Saving for College: 529 vs IRA

Recently I saw a recommendation that you should put your college savings into a Roth IRA instead of a College 529 plan because the Roth savings would not be included in parental assets for assessing whether your child would be eligible for financial aid. This, however, is not as straight forward as it might seem. There are trade offs that mean the real answer is it depends, and in these cases, I like to do the math.

First the rules. With both a 529 plan and a Roth IRA, your investment earnings grow tax-free while in the account. With the 529 plan, withdrawals for qualified educational expenses are tax-free as well. With the Roth, you can withdraw contributions tax-free, but the earnings will be taxed at your regular income tax rate. Roth withdrawals for educational purposes do not incur the 10 percent penalty for early withdrawal.

The 529 plans in thirty seven states allow you to deduct your contributions from your state income taxes up to a limit. In Oregon, for example, you can deduct $2,435 if you are single and $4,865 if you are married. However, you are limited to the investment options available in your state’s plan. If you don’t like those, or your state does not offer a 529, you can save for college in any other state’s plan, but you won’t get the tax deduction. Earnings still grow tax-free and are not taxed on withdrawal for education.

The argument in favor of using a Roth IRA is that retirement savings are not counted in your assets on the Free Application for Federal Student Aid (FAFSA). Therefore, in theory, your child would be eligible for more financial aid if you saved in a Roth instead of a 529 plan. However, the earnings on your savings will be taxed and you won’t get the state tax deduction for your contributions (if it’s available to you), so you will have less total savings available for college given the same annual savings amount.

Now for the math. Given the tax implications of saving in a Roth, are you really better off than if you saved in a 529 plan? The answer depends on how much savings you have outside of retirement plans. Your expected family contribution (EFC) based on your savings alone (there is also an income test) will be 5.64% of your family assets per year. Your home, retirement savings and an allowance for emergency savings are excluded from the calculation. The allowance for emergency savings is based on the average cost of living for a family of your size. It usually ranges between $25,000 and $35,000.

The following table shows how the two options compare when your child is about to enter college, assuming you save $2,400 per year from the time your child is born until they are eighteen. It also assumes you have $100,000 in savings outside retirement plans at that time. I’ve assumed federal and state taxes combined are 30 percent, and that 529 contributions get a state tax deduction of 9 percent, based on Oregon’s tax rate. College savings also earn 4 percent per year in investment returns.

529 PlanRoth IRA
Taxable Savings100,000100,000
College Savings After Taxes$64,825$54,691
Family Exclusion$30,000$30,000
EFC per Year$7,604$3,948
Additional Potential Financial Aid$3,656
Additional College Savings$10,135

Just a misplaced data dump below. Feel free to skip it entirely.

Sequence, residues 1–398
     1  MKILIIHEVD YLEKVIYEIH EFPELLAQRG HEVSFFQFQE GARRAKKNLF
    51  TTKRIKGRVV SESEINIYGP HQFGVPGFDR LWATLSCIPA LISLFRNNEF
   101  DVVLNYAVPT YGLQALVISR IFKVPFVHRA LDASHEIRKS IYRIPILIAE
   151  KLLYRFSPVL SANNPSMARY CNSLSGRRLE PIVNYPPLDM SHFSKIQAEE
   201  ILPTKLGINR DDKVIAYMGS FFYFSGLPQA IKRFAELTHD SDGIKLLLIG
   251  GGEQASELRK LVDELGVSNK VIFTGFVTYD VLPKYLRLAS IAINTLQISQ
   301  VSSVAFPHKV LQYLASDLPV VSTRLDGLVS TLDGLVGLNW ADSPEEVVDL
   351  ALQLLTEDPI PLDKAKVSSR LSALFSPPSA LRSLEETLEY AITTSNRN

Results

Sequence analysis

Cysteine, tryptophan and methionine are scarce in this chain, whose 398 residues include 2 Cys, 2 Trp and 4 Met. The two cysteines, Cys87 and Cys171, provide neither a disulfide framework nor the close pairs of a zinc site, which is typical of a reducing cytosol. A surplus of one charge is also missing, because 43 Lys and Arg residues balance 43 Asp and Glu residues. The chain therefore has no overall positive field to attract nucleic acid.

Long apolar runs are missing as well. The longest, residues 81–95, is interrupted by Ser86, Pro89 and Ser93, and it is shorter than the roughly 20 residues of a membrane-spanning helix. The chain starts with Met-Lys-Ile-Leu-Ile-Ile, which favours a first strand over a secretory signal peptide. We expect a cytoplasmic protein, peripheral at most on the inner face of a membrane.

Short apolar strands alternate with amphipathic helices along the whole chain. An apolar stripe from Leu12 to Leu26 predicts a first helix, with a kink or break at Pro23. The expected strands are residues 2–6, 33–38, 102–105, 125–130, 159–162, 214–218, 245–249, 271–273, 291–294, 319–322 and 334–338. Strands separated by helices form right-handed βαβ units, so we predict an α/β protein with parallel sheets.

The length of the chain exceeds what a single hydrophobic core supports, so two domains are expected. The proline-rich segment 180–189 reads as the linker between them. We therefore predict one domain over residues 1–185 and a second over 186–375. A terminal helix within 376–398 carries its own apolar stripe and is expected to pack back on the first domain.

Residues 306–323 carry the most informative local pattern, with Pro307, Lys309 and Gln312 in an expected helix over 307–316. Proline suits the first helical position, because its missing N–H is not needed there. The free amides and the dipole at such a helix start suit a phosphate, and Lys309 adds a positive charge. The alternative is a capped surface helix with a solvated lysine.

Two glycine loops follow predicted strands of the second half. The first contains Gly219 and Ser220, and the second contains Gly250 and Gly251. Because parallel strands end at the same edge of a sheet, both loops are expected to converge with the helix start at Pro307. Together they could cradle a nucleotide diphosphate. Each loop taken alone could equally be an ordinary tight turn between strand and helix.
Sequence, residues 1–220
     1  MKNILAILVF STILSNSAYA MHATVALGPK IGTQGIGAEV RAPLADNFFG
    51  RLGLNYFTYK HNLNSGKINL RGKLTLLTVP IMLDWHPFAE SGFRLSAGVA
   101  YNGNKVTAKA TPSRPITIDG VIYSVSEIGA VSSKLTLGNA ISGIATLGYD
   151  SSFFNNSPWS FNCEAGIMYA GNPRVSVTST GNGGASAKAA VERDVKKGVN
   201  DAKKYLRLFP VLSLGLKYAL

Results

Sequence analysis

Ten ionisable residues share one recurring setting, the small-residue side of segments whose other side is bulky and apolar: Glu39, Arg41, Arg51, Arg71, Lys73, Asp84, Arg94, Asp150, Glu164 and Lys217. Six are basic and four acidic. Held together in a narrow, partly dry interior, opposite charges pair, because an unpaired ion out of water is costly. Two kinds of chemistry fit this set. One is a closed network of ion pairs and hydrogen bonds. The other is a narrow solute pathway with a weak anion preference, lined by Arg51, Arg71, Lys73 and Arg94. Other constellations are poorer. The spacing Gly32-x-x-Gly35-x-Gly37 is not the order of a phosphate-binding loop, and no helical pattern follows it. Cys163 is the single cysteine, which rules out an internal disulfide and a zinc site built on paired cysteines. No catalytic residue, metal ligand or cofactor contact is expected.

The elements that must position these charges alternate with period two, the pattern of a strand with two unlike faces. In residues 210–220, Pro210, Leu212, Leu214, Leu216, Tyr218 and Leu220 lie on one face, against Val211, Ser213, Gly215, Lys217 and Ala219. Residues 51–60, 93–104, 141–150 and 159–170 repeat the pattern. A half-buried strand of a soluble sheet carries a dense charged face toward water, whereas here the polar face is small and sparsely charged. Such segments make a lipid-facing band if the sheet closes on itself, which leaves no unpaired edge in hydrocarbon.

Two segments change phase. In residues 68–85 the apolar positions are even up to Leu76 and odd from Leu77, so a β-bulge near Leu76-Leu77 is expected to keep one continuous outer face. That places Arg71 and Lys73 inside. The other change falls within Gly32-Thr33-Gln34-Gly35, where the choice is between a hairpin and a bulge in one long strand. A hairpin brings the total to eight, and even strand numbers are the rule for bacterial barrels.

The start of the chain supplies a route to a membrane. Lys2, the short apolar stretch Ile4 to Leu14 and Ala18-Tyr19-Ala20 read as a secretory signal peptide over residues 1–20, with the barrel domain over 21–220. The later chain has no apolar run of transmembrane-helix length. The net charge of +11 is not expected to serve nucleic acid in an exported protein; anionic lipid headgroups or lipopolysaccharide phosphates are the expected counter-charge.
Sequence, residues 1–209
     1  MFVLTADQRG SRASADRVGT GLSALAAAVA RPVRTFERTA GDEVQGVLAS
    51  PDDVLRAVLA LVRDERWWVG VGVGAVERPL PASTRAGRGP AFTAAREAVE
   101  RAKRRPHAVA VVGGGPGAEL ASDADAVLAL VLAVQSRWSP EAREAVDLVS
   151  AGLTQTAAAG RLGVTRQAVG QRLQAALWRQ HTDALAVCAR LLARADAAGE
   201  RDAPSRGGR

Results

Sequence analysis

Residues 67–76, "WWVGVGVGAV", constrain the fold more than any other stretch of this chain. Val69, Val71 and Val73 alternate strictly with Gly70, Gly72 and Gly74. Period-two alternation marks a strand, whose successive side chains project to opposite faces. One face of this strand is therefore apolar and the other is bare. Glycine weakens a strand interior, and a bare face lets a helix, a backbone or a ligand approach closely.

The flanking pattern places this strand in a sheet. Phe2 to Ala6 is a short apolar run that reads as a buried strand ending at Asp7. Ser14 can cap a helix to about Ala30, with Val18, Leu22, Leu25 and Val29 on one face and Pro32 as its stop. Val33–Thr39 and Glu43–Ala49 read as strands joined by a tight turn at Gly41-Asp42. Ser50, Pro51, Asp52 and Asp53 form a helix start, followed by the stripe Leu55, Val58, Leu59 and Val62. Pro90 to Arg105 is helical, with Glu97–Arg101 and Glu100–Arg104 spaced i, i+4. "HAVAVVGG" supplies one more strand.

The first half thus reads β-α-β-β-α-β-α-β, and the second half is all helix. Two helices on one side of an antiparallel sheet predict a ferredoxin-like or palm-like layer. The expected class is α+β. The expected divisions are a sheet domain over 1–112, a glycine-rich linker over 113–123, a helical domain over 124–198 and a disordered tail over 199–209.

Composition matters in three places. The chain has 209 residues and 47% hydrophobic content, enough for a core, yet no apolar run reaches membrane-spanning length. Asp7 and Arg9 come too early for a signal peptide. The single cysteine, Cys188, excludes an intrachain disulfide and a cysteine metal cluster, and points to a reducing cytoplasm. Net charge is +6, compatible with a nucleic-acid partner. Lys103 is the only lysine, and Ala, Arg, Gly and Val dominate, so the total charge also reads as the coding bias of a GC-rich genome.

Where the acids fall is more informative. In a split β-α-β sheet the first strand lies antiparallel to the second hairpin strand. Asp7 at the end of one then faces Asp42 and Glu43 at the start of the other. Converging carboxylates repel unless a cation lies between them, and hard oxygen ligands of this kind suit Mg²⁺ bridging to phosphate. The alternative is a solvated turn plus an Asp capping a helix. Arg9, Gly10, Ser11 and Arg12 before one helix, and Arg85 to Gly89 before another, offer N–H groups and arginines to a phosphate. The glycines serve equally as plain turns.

In this example, for the same annual savings rate, you would be better off saving for college in the 529 plan. Between the tax exempt withdrawal and the tax deduction for contributions, which I’ve added to college savings, you would have nearly $6,500 more available for college (the difference between the additional college savings and the additional financial aid) than if you saved in a Roth IRA. The 529 advantage declines with more in taxable savings. Given my assumptions, the break even level of taxable savings is $215,000.

There is one other reason you might consider using a Roth IRA as a college savings vehicle. If your child does not go to college, the Roth IRA can stay invested, and you can use it for your own retirement, with withdrawals being completely tax-free after age 59 1/2. With the 529 option, if the funds are not used for education purposes, the earnings will be taxed at your income tax rate plus a 10 percent penalty. However, you can transfer the savings to another child, or use them for your own continued education tax-free. A variety of vocational classes as well as college classes are eligible educational expenses.

If the funds are not used for education, you will have $2,200 more savings in your Roth IRA, than if you withdrew the 529 plan money and paid the taxes when your child is eighteen. The Roth would continue to grow tax-free until retirement. Alternatively, your 529 plan money could stay in taxable savings for retirement. In twenty years, the IRA option would have $6,500 more in it if your investments earned an average annual return of 7 percent and your tax rate remained at 30 percent.

As you can see, it’s not a straight forward answer of one or the other. If your child does go to college, the 529 plan offers serious tax benefits, especially if you live in a state that offers a tax deduction for 529 contributions. But if you have substantial taxable savings, or you ultimately don’t have any educational expenses, the Roth IRA could be a better option.

You certainly cannot know what the future holds for your child, so there is no wrong answer here. The important piece of the equation is that you are saving for her education in the first place. Whether you save in a 529 plan or an IRA is a secondary consideration. So save away, and don’t worry too much about whether you have the right type of account.

For a comprehensive, step-by-step guide to building your own financial plan, pick up my book, Save Yourself; Your Guide to Saving for Retirement and Building Financial Security. It is now available on Amazon.

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